Monday, July 25, 2016


I have been doing several videos about client gardens and loving it.  It is fun to share my work with you and to be able to use those projects as biz promotion.  This is somewhat different the things I used to blog about.  As my business evolves so do the things I share.  Originally I wanted to make this blog your go to place to learn about California native plants and while that is still true, I also want to also add client projects so that you can see California native garden in action.  There will also be a series of videos about native plants depending on your situation and what you are looking for (shade, food etc.).  

Now I would like to as a favor from all of you...  What would you like to see more of here?  Any specific landscape related posts or videos?  Comment below and let me know.  

Do you have a native garden?  If so then I would love to blog about it and even do a video about your garden.  As much as I love designing native gardens I also love the idea of sharing what others have done.  

Friday, July 8, 2016


I recently went back to revisit a clients garden in the city of Irvine to check on the garden progress and was pleased at what I saw.  This was a front yard that was lawn and more lawn with some cracked concrete that had to be redone.  Almost everything was gutted and replaced with California native plants, a few California friendly plants, pavers for the driveway and main path along with a wall to denote the outside seating area.

Some of the plants we used are:

  • Galvezia juncea 'Gran Canon' - Baja Bush Snapdragon 
  • Salvia greggii - Autumn Sage
  • Salvia clevelandii - Cleveland Sage 
  • Mimulus puniceus - Red Monkey Flower
  • Trichostema lanatum - Woolly Blue Curls 

Friday, June 17, 2016


Kill your lawn and increase your property value! This has been my motto for the past few years and I stand by it.  I get that if you need lawn for kids or dogs then by all means have it and hopefully you utilize more sustainable lawn options like Carex pansa.  But otherwise I just don't see the point.  In this case my clients in Mission Viejo had lawn and cracked concrete that they wanted to replace. The kids had fled the nest and having the lawn was no longer necessary.  Their driveway was cracked and needed to be overhauled as it had also created various trip hazards.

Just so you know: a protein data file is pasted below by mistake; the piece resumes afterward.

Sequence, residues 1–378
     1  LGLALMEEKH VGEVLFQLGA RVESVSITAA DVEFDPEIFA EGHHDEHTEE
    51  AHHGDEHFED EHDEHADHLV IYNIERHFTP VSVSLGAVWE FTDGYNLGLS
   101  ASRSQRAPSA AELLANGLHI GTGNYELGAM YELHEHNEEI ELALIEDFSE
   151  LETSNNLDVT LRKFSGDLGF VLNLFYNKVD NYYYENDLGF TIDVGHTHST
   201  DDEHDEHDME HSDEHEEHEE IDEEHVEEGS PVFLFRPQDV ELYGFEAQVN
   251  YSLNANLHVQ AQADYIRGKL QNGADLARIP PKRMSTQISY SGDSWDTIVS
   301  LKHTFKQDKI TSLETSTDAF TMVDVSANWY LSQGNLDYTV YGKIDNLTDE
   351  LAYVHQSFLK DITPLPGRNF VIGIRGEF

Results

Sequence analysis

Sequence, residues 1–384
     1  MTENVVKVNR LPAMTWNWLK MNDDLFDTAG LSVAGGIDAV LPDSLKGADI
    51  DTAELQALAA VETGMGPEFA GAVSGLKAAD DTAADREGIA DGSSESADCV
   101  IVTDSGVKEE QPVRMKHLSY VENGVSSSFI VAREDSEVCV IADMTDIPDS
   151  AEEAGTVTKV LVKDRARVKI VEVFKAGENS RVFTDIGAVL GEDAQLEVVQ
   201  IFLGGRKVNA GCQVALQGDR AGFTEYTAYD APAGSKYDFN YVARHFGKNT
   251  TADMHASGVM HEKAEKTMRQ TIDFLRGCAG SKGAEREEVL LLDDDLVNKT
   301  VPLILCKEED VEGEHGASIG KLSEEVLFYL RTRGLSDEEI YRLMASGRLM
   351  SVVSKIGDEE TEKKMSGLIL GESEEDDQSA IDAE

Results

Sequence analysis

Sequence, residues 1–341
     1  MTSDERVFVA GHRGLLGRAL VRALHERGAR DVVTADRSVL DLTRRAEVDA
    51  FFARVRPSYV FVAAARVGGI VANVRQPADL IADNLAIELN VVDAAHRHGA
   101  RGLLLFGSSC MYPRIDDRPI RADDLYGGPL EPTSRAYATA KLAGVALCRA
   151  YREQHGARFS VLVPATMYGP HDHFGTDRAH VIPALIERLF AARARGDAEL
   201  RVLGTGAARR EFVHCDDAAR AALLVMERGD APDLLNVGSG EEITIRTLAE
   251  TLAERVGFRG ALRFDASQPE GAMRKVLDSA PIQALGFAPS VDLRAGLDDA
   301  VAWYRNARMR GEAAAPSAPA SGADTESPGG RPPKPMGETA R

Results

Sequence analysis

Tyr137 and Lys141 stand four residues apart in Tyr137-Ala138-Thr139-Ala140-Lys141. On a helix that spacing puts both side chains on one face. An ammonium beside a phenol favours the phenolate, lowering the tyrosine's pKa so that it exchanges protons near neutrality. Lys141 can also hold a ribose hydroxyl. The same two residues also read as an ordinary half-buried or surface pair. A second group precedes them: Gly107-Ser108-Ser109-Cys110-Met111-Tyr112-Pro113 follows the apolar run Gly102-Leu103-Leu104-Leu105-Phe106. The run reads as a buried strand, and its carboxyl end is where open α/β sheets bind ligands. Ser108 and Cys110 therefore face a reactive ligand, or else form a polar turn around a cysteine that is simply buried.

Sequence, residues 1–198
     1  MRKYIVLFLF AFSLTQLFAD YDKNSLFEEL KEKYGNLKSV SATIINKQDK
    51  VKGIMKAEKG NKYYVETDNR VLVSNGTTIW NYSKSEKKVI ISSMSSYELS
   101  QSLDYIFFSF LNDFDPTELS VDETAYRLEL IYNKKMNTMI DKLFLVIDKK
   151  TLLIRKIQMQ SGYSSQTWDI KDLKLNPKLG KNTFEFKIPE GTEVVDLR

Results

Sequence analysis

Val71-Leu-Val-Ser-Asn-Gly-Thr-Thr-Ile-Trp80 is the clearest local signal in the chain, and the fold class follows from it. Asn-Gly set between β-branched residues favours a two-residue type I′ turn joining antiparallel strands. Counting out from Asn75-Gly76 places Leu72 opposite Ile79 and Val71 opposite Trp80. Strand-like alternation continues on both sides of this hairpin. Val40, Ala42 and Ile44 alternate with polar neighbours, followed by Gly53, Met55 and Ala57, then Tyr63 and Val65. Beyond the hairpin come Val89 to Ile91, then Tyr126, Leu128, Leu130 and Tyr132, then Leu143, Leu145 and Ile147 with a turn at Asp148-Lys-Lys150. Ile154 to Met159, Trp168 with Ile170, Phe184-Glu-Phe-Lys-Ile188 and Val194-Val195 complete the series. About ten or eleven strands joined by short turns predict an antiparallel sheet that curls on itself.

In this case there was only one solution...  Gut everything and start from scratch.  The design intent was to use soft set flagstone throughout most of the garden and only mortar set it where it was necessary to do so.  We also used California native plants to help bring in the local wildlife and added two rain barrels to catch whatever water comes out of the gutter.  That combined with some boulders and accessories makes this a true sustainable garden.

The materials we used are:

  • Flagstone - color butternut (formerly known as oaklahoma buckskin) from Resource Building Materials in Lake Forest.  They also have several other locations.   
  • Rain barrels - provided by the homeowners local water agency.  
  • Boulders - already existing on site and re-purposed.
  • Plants:
    • Existing Crape Myrtles
    • Arctostaphylos densiflora 'Howard McMinn' - McMinn Manzanira
    • Calylophus hartweggii - Sundrops
    • Eriophyllum nevenii - Catalina Silverlace
    • Galvezia juncea 'Gran Canon' - Baja Bush Snapdragon
    • Mahonia aquifolium - Oregon Grape
    • Oenothera speciosa 'Rosea' - Pink Evening Primrose
    • Salvia clevelandii - Cleveland Sage
    • Salvia clevelandii 'Alan Chickering' - Alan Chickering Cleveland Sage
    • Salvia greggii 'Coral' - Coral Autumn Sage